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Graham wants strings attached to debt limit bill

Treasury Secretary Janet Yellen has warned action could be needed before the August recess

Sen. Lindsey Graham, R-S.C., talks with reporters as he makes his way to the Senate floor for a vote on April 28, 2021.
Sen. Lindsey Graham, R-S.C., talks with reporters as he makes his way to the Senate floor for a vote on April 28, 2021. (Caroline Brehman/CQ Roll Call file photo)

Top Senate Budget Committee Republican Lindsey Graham said Thursday he’d push to condition an increase or suspension of the statutory debt ceiling later this year on unspecified “structural reforms,” including potentially withholding lawmaker pay until a budget blueprint is adopted.

Without action on the debt ceiling, once the Treasury runs out of cash and extraordinary accounting measures it could only finance U.S. government obligations out of any incoming daily revenue, meaning important benefits might not go out and interest payments to bondholders could be delayed.

“This is an opportunity to come up with some reforms that will structurally change our debt problem,” the South Carolina Republican told reporters. “But I want to be responsible about it. I mean, we’re not going to play chicken here.”

Treasury Secretary Janet Yellen warned last week that Congress might have to raise the debt limit before the August recess as the government could run out of borrowing room during the summer.

The current debt limit suspension expires July 31. Unless Congress raises or suspends the debt limit before the expiration, the Treasury would then implement bookkeeping maneuvers that provide temporary borrowing room. Analysts project the extraordinary measures would last into the last three months of the year, but they are not ruling out the possibility of an earlier exhaustion.

Graham mentioned another run at “no budget, no pay” for lawmakers as a possibility. “[Sen. Ted Cruz, R-Texas] has a few good ideas, you know, ‘no budget, no pay,’ things that make us be more responsible,” he said.

In 2013, a Republican-controlled House and Democrat-controlled Senate passed a debt limit suspension that included a provision to temporarily deny compensation to lawmakers in the House or Senate if they did not adopt a budget resolution by the statutory deadline of April 15. Both chambers adopted their own budget resolution in March, preventing the salary hold from taking effect.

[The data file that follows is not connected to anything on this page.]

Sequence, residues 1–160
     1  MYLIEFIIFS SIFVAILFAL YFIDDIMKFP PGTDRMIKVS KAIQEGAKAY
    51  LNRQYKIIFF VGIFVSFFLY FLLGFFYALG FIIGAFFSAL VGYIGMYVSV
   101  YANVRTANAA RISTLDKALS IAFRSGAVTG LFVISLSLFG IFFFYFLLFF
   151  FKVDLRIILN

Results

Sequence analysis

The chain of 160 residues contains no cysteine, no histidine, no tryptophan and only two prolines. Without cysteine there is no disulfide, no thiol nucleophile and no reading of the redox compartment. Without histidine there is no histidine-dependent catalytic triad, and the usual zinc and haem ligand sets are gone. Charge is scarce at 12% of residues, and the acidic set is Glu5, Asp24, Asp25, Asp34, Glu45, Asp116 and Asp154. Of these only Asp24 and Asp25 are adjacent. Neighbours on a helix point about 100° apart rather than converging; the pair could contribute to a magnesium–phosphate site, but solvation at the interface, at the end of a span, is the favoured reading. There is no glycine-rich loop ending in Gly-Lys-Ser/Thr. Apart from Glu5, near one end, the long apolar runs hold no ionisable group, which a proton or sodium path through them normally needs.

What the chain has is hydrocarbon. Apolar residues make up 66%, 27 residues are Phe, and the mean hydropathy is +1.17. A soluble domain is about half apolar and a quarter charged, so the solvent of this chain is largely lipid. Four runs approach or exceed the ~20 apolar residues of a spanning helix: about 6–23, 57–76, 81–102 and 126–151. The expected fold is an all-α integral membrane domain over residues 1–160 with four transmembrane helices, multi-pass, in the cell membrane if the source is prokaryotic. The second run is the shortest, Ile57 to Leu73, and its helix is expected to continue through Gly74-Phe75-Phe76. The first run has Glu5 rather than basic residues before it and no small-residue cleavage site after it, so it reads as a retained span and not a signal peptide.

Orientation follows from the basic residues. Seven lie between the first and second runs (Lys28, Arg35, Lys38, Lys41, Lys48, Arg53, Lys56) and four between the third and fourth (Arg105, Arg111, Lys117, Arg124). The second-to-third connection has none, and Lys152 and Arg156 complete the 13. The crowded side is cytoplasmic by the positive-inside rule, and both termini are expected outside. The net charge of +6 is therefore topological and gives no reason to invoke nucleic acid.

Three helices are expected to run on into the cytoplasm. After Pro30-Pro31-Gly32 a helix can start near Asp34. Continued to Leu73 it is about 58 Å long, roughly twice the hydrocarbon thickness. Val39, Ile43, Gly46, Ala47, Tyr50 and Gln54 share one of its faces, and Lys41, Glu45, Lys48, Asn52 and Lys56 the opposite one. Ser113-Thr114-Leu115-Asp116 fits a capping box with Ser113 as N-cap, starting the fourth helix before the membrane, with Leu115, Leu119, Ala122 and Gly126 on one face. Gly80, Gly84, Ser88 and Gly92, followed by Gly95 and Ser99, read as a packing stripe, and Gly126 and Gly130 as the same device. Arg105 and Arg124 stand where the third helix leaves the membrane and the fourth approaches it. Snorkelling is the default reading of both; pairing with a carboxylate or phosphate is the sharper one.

Graham, however, may have in mind a more recent proposal that would deny members pay if they don’t pass appropriations bills in time.

In December 2020, a handful of senators and representatives signed a letter to leadership spearheaded by Sen. Rick Scott, R-Fla., urging them to include a provision in year-end spending legislation to withhold paychecks from lawmakers if appropriations bills are not passed.

The provision was included in broader legislation the Homeland Security and Governmental Affairs panel approved in November 2019. It would have kept lawmaker salaries on ice while the federal government was operating under a stopgap funding bill, in the absence of regular appropriations bills that are ordinarily due Oct. 1 each year.

Cruz was among the signers on Scott’s letter, which also included a Democrat, Arizona Sen. Kyrsten Sinema. Similar legislation in the last Congress was coauthored by Sens. Mike Braun, an Indiana Republican, and Joe Manchin III, a West Virginia Democrat.

Their bill, which would have withheld member pay after Oct. 1 until a budget resolution is adopted and appropriations bills passed, attracted support from three other Democrats: Sinema, Nevada’s Jacky Rosen and New Hampshire’s Maggie Hassan. Hassan is facing a potentially tough reelection fight next year with GOP Gov. Chris Sununu and former Sen. Kelly Ayotte, R-N.H., whom Hassan narrowly defeated, considering challenges.

“I don’t think it’s too much to ask to say, can we make some structural reforms?” Graham said. “Like how we appropriate. I’m not asking, you know, to fix Medicare.”

Graham’s approach is also in line with a nonbinding rule adopted by the Senate GOP conference last month that would require any increase in the debt limit to be offset with corresponding spending cuts or “structural reforms” in federal spending. Cruz and Scott wrote that amendment to the GOP rules.

Raising or suspending the debt limit would take 60 votes in the Senate. But Democrats also could get around GOP efforts to put strings on debt ceiling legislation through budget reconciliation, which requires a simple majority in the Senate. They’d first need to adopt a new budget resolution, which also takes a simple majority vote.

Lindsey McPherson contributed to this report.